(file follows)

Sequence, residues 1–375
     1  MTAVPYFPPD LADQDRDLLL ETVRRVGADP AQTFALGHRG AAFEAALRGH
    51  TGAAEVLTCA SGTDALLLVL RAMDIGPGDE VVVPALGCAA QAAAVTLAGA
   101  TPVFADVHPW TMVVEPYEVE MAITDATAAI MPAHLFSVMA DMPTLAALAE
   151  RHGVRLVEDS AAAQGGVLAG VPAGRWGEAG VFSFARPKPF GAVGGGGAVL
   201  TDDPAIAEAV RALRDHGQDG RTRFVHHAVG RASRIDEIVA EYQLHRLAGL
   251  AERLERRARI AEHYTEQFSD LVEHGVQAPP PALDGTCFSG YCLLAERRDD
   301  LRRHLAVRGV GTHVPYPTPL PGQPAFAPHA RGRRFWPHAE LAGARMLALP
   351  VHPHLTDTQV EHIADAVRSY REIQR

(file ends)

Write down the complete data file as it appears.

Sequence, residues 1–375
     1  MTAVPYFPPD LADQDRDLLL ETVRRVGADP AQTFALGHRG AAFEAALRGH
    51  TGAAEVLTCA SGTDALLLVL RAMDIGPGDE VVVPALGCAA QAAAVTLAGA
   101  TPVFADVHPW TMVVEPYEVE MAITDATAAI MPAHLFSVMA DMPTLAALAE
   151  RHGVRLVEDS AAAQGGVLAG VPAGRWGEAG VFSFARPKPF GAVGGGGAVL
   201  TDDPAIAEAV RALRDHGQDG RTRFVHHAVG RASRIDEIVA EYQLHRLAGL
   251  AERLERRARI AEHYTEQFSD LVEHGVQAPP PALDGTCFSG YCLLAERRDD
   301  LRRHLAVRGV GTHVPYPTPL PGQPAFAPHA RGRRFWPHAE LAGARMLALP
   351  VHPHLTDTQV EHIADAVRSY REIQR